A number of years ago I worked in an office for one day. The instrument tray sat on a counter directly behind the clinician. After only eight hours, my right shoulder ached from constantly reaching for my instruments. The three hygienists who worked in this practice all suffered from chronic shoulder pain, which was a direct result of the room configuration.
The rooms were later retrofitted with over-the-patient bracket tables. The ergonomic problem was solved, but it was too late for the three hygienists. Years of microtraumas had resulted in irreversible shoulder pain for them. They had become three more dental hygiene bodies for the repetitive stress injury scrap heap!
Repetitive motion leads to injury through repeated microtraumas.These subtle injuries are often ignored and brushed off as simply part ofdental hygiene. When big injuries do manifest themselves, cliniciansoften believe the problem happened over night, which is rarely the case. Not all cumulative trauma disorders are reparable. Many become chronic and result in permanent disabilities that haunt victims long after the clock strikes five or they leave the practice of dentistry.
The trend for uniform rooms does not make sense. How many dentist operatories really need an ultrasonic scaler? Unless a doctor enjoys doing dental hygiene procedures, a power scaler would be an expensive piece of equipment taking up precious counter space. By the same token, there are numerous devices that would never be used by dental hygienists.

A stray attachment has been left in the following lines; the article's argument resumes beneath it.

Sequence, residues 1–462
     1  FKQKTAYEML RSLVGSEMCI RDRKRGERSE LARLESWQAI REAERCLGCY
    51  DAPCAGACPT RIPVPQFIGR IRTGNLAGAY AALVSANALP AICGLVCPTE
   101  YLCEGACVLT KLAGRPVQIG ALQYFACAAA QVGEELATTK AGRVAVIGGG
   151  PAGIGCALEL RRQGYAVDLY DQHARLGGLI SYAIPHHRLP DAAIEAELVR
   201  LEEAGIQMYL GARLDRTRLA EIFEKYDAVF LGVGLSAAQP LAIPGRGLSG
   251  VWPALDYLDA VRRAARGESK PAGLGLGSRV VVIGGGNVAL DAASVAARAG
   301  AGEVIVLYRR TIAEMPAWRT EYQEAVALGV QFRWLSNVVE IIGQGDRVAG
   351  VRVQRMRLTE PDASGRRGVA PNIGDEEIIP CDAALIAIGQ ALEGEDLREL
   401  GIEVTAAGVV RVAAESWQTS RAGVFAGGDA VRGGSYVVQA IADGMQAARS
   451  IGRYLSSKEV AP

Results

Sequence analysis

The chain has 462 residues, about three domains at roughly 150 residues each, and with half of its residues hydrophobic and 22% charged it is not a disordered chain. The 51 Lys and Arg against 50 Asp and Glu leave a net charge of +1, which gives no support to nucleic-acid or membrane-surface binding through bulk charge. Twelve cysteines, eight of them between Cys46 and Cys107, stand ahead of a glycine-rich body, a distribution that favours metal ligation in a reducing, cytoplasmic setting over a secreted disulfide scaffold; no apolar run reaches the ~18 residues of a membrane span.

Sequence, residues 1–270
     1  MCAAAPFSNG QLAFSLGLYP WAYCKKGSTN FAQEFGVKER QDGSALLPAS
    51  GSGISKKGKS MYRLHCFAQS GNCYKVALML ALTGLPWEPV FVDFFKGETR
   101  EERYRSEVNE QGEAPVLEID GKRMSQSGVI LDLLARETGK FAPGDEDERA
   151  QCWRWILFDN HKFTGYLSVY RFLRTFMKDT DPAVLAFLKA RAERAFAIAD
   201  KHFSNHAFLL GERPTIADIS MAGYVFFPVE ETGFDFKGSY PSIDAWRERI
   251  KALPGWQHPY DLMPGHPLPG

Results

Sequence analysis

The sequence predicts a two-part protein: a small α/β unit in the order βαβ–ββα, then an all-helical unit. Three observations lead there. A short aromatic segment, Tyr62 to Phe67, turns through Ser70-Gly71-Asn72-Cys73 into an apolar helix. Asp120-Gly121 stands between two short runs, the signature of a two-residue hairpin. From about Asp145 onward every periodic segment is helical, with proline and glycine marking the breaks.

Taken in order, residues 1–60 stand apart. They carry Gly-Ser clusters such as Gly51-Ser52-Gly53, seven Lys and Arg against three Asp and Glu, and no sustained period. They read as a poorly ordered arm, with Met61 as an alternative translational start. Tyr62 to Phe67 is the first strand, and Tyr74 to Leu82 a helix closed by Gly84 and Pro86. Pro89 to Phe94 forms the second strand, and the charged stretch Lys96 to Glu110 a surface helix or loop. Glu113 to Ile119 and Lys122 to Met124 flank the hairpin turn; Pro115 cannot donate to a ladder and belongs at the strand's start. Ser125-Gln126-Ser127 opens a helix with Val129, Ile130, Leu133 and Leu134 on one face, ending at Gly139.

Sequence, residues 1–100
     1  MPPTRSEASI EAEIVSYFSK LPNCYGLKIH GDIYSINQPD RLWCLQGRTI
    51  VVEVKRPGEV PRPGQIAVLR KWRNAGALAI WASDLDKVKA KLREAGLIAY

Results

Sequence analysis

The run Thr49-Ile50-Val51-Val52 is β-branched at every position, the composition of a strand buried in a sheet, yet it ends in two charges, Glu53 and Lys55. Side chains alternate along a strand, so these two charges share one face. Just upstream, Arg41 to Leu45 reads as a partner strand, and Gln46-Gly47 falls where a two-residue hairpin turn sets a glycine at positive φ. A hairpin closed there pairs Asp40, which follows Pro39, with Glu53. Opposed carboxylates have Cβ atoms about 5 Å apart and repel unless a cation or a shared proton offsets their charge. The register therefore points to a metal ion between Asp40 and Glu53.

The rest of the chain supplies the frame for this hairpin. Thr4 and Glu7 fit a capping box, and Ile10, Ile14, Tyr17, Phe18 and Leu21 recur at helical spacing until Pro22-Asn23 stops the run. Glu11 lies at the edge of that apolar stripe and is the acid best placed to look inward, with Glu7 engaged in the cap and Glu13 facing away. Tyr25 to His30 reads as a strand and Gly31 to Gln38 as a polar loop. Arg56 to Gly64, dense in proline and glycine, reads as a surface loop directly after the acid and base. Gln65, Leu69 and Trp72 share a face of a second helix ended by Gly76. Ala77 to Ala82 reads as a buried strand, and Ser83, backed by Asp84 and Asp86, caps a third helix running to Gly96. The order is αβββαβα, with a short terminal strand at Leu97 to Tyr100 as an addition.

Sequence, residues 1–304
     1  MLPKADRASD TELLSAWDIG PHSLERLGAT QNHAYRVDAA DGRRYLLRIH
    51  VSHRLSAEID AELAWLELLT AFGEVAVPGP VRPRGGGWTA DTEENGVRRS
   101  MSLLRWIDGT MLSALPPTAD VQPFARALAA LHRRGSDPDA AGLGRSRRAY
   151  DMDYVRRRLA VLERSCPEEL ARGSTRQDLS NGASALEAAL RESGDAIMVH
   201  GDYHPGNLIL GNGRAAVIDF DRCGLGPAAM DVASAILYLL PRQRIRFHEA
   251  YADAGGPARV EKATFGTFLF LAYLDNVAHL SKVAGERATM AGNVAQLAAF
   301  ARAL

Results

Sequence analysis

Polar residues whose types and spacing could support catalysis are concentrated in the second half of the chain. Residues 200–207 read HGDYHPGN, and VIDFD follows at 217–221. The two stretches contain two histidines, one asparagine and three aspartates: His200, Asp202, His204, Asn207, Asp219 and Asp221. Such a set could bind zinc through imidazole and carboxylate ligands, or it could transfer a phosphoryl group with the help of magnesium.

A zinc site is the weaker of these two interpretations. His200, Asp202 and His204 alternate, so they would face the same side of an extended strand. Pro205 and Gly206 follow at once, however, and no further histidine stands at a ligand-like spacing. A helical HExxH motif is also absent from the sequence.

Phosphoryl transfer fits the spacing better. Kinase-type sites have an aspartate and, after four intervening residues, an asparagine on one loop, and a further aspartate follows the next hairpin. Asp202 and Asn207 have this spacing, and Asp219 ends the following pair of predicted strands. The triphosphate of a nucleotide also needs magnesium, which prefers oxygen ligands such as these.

A number of savvy hygienists are alarmed at the trend toward uniform treatment rooms. They are calling for new treatment rooms that facilitate the practice of dental hygiene in a safe environment. These hygienists are gathering information about ergonomics before challenging the status quo. Instead of whining or remaining silent, they are showing employers how rear delivery can create a dangerous situation
Most employers will listen if they are told that these designs can be hazardous to the health of their staff. Most doctors go to great lengths to avoid workplace realted injuries or worker"s compensations claims.
It is devastating emotionally and financially for a practice to lose a valuable employee for a short time or permanently. The dental marketplace is more competitive than ever, and today"s dentists are wiser business owners than many of their counterparts were decades ago.
I recommend that offices do their homework about treatment room layouts. Role play with colleagues and figure out what movements create stress on the body. Take pictures of each other to analyze positioning. Movements should not be strained. Reaches should be short and comfortable
Take the time to educate staff about the alternatives that could make the treatment room an ergonomic dream instead of a painful nightmare. Remember, it is up to each office to create their comfort zone.
Anne Nugent Guignon, RDH, MPH, is an international speaker, has published numerous articles, and authored several textbook chapters. Her popular programs include ergonomics, patient comfort, burnout, and advanced diagnostics and therapeutics. Recipient of the 2004 Mentor of the Year Award, Anne is an ADHA member and has practiced clinical dental hygiene in Houston, Texas, since 1971. You can reach her at [email protected] or (713) 974-4540 and her Web site is www.ergosonics.com.